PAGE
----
Wimbledon 2015: Novak Djokovic beats Kevin Anderson
|Dates: Until 12 July|
|Play: 11:30 BST outside courts; 13:00 Centre Court and Court One|
|BBC coverage: Live across TV, radio and online with up to 15 live streams|
Defending champion Novak Djokovic reached the quarter-finals at Wimbledon by completing his comeback from two sets down to beat Kevin Anderson.
Djokovic had levelled at two sets all when bad light stopped play on Monday.
He struggled to find his rhythm when the match resumed on Tuesday after a delay because of rain.
But the world number one and top seed finally got to grips with the big-serving South African to win 6-7 (6-8) 6-7 (6-8) 6-1 6-4 7-5.
"Kevin served exceptionally well," said Djokovic. "This was one of the most difficult matches I have played at Wimbledon in my career.
"It was high-quality tennis in the fifth set. At times I was helpless with my return - it was very difficult to read his serve and he was very aggressive.
"I was two sets down and coming back to win gives me great satisfaction and confidence for my next challenge."
|John Lloyd, former British number one|
|"I think Novak didn't really enjoy the match up until the match point when the ball went wide. It is a nasty match for him. It was mentally fatiguing for him to see someone hit big serves time after time. He did not get into any rhythm and will be so relieved to get through the match."|
Djokovic was on top when play was halted on Monday but he took time to get into his stride after returning to Court One to fight out the deciding set.
The match was delayed by half an hour because of rain but Anderson quickly got his booming serve into gear, firing down three aces in the first game.
In contrast, Djokovic had to fight to avoid being broken early on, and his frustration was obvious as another shower threatened to bring another pause in play only for the rain to quickly pass.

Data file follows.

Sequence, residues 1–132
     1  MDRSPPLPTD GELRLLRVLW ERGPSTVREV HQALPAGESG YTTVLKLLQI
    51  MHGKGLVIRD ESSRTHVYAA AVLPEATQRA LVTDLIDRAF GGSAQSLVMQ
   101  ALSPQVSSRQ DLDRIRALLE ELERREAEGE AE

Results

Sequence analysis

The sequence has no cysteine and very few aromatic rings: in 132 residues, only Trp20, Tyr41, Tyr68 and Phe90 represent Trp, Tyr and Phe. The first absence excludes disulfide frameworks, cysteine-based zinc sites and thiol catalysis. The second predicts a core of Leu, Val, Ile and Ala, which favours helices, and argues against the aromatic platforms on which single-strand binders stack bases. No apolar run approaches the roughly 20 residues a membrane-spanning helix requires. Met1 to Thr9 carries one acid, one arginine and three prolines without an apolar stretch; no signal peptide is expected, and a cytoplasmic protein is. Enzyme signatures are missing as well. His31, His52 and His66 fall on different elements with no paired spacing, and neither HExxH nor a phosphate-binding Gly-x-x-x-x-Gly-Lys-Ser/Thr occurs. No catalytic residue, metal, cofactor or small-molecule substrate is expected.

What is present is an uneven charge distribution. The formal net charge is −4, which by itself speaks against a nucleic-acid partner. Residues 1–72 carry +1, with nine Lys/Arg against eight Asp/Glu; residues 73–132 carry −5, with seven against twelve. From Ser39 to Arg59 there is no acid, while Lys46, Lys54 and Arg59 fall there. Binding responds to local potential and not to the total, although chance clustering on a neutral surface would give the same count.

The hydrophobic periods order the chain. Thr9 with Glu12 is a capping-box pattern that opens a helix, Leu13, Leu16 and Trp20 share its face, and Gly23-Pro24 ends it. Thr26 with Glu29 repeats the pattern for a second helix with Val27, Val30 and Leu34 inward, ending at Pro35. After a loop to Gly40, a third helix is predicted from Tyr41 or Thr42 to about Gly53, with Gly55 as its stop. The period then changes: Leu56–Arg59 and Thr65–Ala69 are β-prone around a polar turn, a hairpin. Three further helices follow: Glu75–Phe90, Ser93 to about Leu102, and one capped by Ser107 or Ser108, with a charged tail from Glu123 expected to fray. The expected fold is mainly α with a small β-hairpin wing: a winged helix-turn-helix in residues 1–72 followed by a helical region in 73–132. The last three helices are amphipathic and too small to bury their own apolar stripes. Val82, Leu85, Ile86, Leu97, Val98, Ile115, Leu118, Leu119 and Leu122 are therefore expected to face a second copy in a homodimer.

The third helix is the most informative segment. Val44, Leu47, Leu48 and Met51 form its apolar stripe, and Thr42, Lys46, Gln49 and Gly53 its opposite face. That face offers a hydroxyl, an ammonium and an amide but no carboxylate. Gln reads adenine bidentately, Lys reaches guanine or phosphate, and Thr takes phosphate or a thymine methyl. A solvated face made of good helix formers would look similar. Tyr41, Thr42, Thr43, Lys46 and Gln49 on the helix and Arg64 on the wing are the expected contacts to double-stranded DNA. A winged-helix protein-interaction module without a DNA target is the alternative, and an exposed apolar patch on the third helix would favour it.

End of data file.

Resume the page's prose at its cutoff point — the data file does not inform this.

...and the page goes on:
In the sixth game of the deciding set, Djokovic appeared to aggressively shout 'Towel' at a startled ball girl after a a 20-shot rally concluded with him netting with a forehand.
Djokovic said: "I'm sorry. There was nothing towards her. Maybe she was just afraid of my screaming there. I'm definitely going to try to apologise to her if I did something wrong."
It was not long until Djokovic had Anderson in trouble when the 6ft 8in right-hander saw his serve falter for the first time.
Two double-faults at 5-5 gave Djokovic his first chance to break in the decider, and he did not miss his opportunity.
|Karlovic leads way in aces race|
|Kevin Anderson hit a total of 40 aces in his match against Novak Djokovic, giving him a tournament total of 119.|
|He is only second on the Wimbledon leaderboard, however. Top of the tree is Ivo Karlovic, who lost to Andy Murray on Monday. The Croatian managed 165 aces in his four matches.|
|In third place is Marin Cilic, who is Djokovic's next opponent. He needs one more ace to bring up his century at SW19 in 2015.|
He held his arms aloft and blew a kiss towards the sky after serving out his victory after 44 minutes back on court, in a match that lasted a total of three hours and 46 minutes.
Djokovic will play ninth seed Marin Cilic in the last eight. The Croatian also took him to five sets when they met at the same stage at SW19 in 2014.
|Hawk-Eye analysis: Djokovic's second serve direction|
|With Djokovic's usual impeccable return game being off colour against the big serving South African, it was imperative that he dealt with proceedings on his own serve. He was only broken once in the entire five sets, and it was quality of the Serb's second serve that was particularly impressive.|
|He won 69% of his second serve points throughout the match, with this increasing to 80% over the course of the final three sets. The graphic illustrates where each of his second serves landed, and the variation to both boxes made it extremely difficult for Anderson to return.|
|30% of his second serves were not returned, which is a phenomenal figure, and it remained strong even in the final game of the match when Novak produced two magnificent second serves into the body of the Anderson, neither of which came back into play.|